The Joy Formidable Wolf's Law(Atlantic) Buy it from Insound
If you haven’t listened to The Joy Formidable before, that’s okay; it will take you only one song to catch up. By the end of This Ladder is Ours, it’s clear that The Joy Formidable want to write the biggest, most stadium-ready anthems that anyone has ever written, and for all 12 songs (there’s a hidden track at the end) of Wolf’s Law, they bring the raging vocals, distorted power chords, and slightly metal-tinged drumming to do just that, infusing it with modern dream pop sensibilities to keep it fresh. It’s the same thing they did on 2011’s debut The Big Roar, which means that if this is your first exposure, it’s thrilling, which anyone who has seen any of their wild, go-big-or-go-home live shows can attest to. If nothing else, this band will perform with a confidence that will make the initiated honestly believe that rock and roll can save the world for the duration of a live show. At the same time The Joy Formidable are good enough songwriters to make stadium rock sound fresh again, and break-out single Whirring sounded like a blast from a past that never quite was. But that also means if you exhausted your adrenaline listening to The Big Roar, Wolf’s Law will strike you as another work with a few memorable songs filled in by an exuberant supply of anthems in which big hooks and sheer willpower disguise a lack of variety or adventure.
Chief among those memorable tracks is the aforementioned This Ladder Is Ours, which employs a stringed intro that instills an otherworldly importance that colors the rest of the song. Like all the songs on the album, it’s inspired by—get this—Wolff’s Law, the theory that a broken bone heals stronger than it was before. For Singer/guitarist Ritzy Bryan, though, it’s her heart, but the whole album is that overdue long walk and the attempts to “slow things down” she sings about in the first verse. When the song concludes, however, it does anything but, as rattling guitars kick into the next song and the rhythm section tears into perhaps its most relentless display of energy on the entire album while Bryan’s vocals, more questioning, take an appropriately elongated, less deterministic tone; her uncertainty and the “ooohs” in the bridge show you the other side of Wolf’s Law, the abstract, Neon Indian/Frankie Rose tinges that the album owes most of its replay value to. These are neither angry tales of failed relationships nor lovelorn, self-deprecating aches. It’s a constant battle between the two, torn between moving on and trying to work things out or wallowing in one’s own loneliness, angsty like the grunge icons that color her guitar work. When it gets the best of both worlds in the same song, like in Maw Maw Song, which alternates the crescendos of vocal-driven verses with the sludgy, pedal-driven choruses, or in the more lyrically harrowing Leopard and the Lung, Wolf’s Law feels like it fully works.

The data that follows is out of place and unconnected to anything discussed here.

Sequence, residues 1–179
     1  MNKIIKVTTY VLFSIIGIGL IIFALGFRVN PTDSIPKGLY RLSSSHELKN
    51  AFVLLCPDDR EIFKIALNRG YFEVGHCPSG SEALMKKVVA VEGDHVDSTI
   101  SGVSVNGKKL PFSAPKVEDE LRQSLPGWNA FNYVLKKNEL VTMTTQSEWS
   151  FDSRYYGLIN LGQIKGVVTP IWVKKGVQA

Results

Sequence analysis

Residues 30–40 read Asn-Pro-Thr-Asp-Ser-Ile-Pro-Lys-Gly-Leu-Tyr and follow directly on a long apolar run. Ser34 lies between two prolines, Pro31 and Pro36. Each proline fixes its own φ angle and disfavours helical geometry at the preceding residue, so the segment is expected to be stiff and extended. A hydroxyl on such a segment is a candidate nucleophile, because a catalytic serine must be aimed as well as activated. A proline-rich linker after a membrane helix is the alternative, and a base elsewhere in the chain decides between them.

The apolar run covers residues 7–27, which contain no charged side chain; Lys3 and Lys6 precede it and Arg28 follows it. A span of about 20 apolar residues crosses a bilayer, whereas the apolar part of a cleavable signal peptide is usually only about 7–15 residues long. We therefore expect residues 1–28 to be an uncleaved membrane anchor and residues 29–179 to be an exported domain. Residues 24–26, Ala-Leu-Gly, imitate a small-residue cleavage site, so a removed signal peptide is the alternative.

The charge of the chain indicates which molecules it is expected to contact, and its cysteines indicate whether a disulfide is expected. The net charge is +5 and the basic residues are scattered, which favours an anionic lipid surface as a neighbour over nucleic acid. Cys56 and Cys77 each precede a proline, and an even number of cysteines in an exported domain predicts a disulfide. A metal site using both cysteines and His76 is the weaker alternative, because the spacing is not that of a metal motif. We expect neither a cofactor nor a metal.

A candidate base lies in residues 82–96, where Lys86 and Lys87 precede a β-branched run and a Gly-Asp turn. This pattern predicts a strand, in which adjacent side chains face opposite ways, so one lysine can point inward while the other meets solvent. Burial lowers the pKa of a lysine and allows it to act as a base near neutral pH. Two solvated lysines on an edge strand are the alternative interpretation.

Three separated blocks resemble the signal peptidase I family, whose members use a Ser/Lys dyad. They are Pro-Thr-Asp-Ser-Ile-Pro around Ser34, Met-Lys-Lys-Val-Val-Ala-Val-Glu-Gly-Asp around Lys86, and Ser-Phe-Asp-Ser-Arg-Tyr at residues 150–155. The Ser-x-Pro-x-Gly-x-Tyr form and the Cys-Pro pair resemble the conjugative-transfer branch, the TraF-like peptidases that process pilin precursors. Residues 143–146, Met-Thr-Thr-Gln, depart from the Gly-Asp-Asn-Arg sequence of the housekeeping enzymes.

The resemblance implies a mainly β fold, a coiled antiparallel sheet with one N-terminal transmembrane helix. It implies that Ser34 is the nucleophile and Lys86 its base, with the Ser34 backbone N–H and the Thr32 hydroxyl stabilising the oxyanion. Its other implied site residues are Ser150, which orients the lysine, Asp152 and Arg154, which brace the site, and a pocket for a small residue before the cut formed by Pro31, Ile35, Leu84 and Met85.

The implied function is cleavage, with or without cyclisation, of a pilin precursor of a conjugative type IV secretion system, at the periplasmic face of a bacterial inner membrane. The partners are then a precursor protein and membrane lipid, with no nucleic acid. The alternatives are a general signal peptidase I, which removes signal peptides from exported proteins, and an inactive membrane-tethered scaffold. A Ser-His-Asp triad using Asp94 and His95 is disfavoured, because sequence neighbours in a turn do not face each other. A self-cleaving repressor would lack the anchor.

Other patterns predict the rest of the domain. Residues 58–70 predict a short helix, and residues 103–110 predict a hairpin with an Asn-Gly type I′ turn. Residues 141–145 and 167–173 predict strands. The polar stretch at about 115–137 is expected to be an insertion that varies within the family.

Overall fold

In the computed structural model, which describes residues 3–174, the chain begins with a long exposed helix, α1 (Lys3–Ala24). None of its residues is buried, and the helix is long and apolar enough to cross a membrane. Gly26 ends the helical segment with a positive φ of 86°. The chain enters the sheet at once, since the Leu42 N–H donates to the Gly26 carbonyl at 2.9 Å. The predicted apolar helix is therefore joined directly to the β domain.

That such antagonistic sounds are mixed with the propellant rhythm section gives The Joy Formidable their freshness, but that they stick so close to pop structures and searing hooks makes them fresh. But Wolf’s Law, beyond the first two tracks, never reckons with these different sounds to any compelling degree, and as a result, does not differentiate itself from The Big Roar. Sure, Bats has backing vocals, but they’re quite minimal. Where The Big Roar was shamelessly melodramatic, Wolf’s Law hides its differences behind an extra coat of “big.” What results is as disappointing as it is fun, comfortably explosive, one might say. Only The Silent Treatmeant, an acoustic ballad, departs from the sound. That aside, whether a song is three minutes or seven minutes, it piles on another rollercoaster of a bridge and a few more sing/shout-along choruses.
Still, despite rarely achieving all of what it goes for, it’s hard to deny the sheer pleasure of getting the enormous hooks and noise that are constantly on display here. Ever since post-punk revival more or less faded out and the influence of Kid A began to make itself increasingly apparent, rock has headed more and more towards experimentation and electronica influences, indie crowds have begun to embrace hip-hop from Kendrick Lamar to El-P, and, most recently, the pop of Adele, Taylor Swift, and Carly Rae Jepsen have received acclaim from the same people that used to be too cool for the Top 40. This is far from a bad thing, but it also means that when somebody comes along and does the “rock and roll can save the world” thing convincingly, it’s a fun change of pace. You don’t have to be Arcade Fire to stake that claim, you just have to really believe it, and the more you believe in yourself as the ones who prove it, the better. The Joy Formidable believe both, even if they could believe the latter a bit more and let their ideas govern their mission instead of letting their mission govern their ideas and, subsequently, their songs. Still, they couldn’t have chosen a better band name.24 January, 2013 - 04:25 — Forrest Cardamenis